Please click on link below to view the joint statement which MARUAH has endorsed with 35 other organizations:
The annual Country Reports on Human Rights Practices – the Human Rights Reports – cover internationally recognized individual, civil, political, and worker rights, as set forth in the Universal Declaration of Human Rights and other international agreements. The U.S. Department of State submits reports on all countries receiving assistance and all United Nations member states to the U.S. Congress in accordance with the Foreign Assistance Act of 1961 and the Trade Act of 1974.
The 2019 Singapore country report is available at https://www.state.gov/wp-content/uploads/2020/02/SINGAPORE-2019-HUMAN-RIGHTS-REPORT.pdf
We are excited to share the final version of the report on the
Peoples’ Summit on Climate, Rights, and Human Survival! This report
provides an overview of the event, highlights its key outputs, and
outlines next steps and lessons learned that were guided, from all of
you, by the post-summit evaluation survey. Don’t miss out on the
links to important documents such as the concept note, summaries of
sessions, the Declaration, and collaborations that were initiated at
the summit – you will find them throughout the report!
Here are just a few highlights from the document:
- The summit brought together over 150 actors from the different strands
of the climate justice movement. The two-day gathering was a mix of
compelling panels and breakout groups where organizational commitments
to integrate human rights and climate change were discussed. These
conversations laid the foundation for numerous collaborative actions
that have great potential to move this work forward.
- The event’s organizers hope to support groups working at the
frontlines to take on leadership roles and guide the direction of
these national, regional, and thematic collaborations. The intention
is that future working groups will be led and maintained by
self-designated focal points with support from the organizers if
- There was strong interest after the summit to create an email list to
continue to engage with others working on climate justice. Your active
participation in this new community is essential to bring it to life.
- The climaterights4all email list has a lot of potential, particularly
to support the collaborations that came out of the summit or will be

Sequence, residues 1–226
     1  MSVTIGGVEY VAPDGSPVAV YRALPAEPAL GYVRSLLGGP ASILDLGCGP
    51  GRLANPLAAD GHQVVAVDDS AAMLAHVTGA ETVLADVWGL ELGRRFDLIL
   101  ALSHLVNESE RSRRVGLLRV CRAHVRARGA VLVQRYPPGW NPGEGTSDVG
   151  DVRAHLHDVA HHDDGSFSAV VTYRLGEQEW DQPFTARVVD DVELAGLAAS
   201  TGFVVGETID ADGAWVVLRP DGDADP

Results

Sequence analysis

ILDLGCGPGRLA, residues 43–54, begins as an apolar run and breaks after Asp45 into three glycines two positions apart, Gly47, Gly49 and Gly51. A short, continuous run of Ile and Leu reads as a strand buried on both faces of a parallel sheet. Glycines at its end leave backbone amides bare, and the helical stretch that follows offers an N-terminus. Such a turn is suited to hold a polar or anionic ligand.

proposed through the climaterights4all network.
- It is particularly important to have a follow-up team that reflects
different regions, issue-areas and includes both small and large
organizations. The intention of the follow-up team is for it to be a
part of a horizontal process whereby the direction of collaborations
rests with the self-identified persons and/or organizations that
choose to be focal points. The hope is that the follow-up team will
serve the function of supporting, where requested and along with
others, and as long as needed, groups working at the frontlines in
guiding the direction of post-summit activities. We have a growing
group of individuals interested in joining the follow-up team; if you
would like to be part of this group, please reach out to Melanie at
email@example.com by March 24th, 2020.
The organizers commit to encourage, as much as possible, conversations
between funders and the groups focusing on human rights and climate
change. Please look out for more information on this in the near
Last but not least, give a read and review the evaluation survey. It
will help you to better understand how the feedback from the summit
guided the proposed next steps outlined in this summary and the
Also, think about proposing a new collaboration or joining an existing
collaboration, or even being part of the follow-up team to keep the
Thank you for making the event such a unique call to action. We look
forward to working together with the hundreds of organizations that
engaged in the process for further collaboration towards our common
goals, and believe that we may be able to make a solid contribution to
ending the climate crisis, and the injustices that underlie it.
Organizers of the Peoples’ Summit
Wallace Global Fund, Amnesty International, Center for Human Rights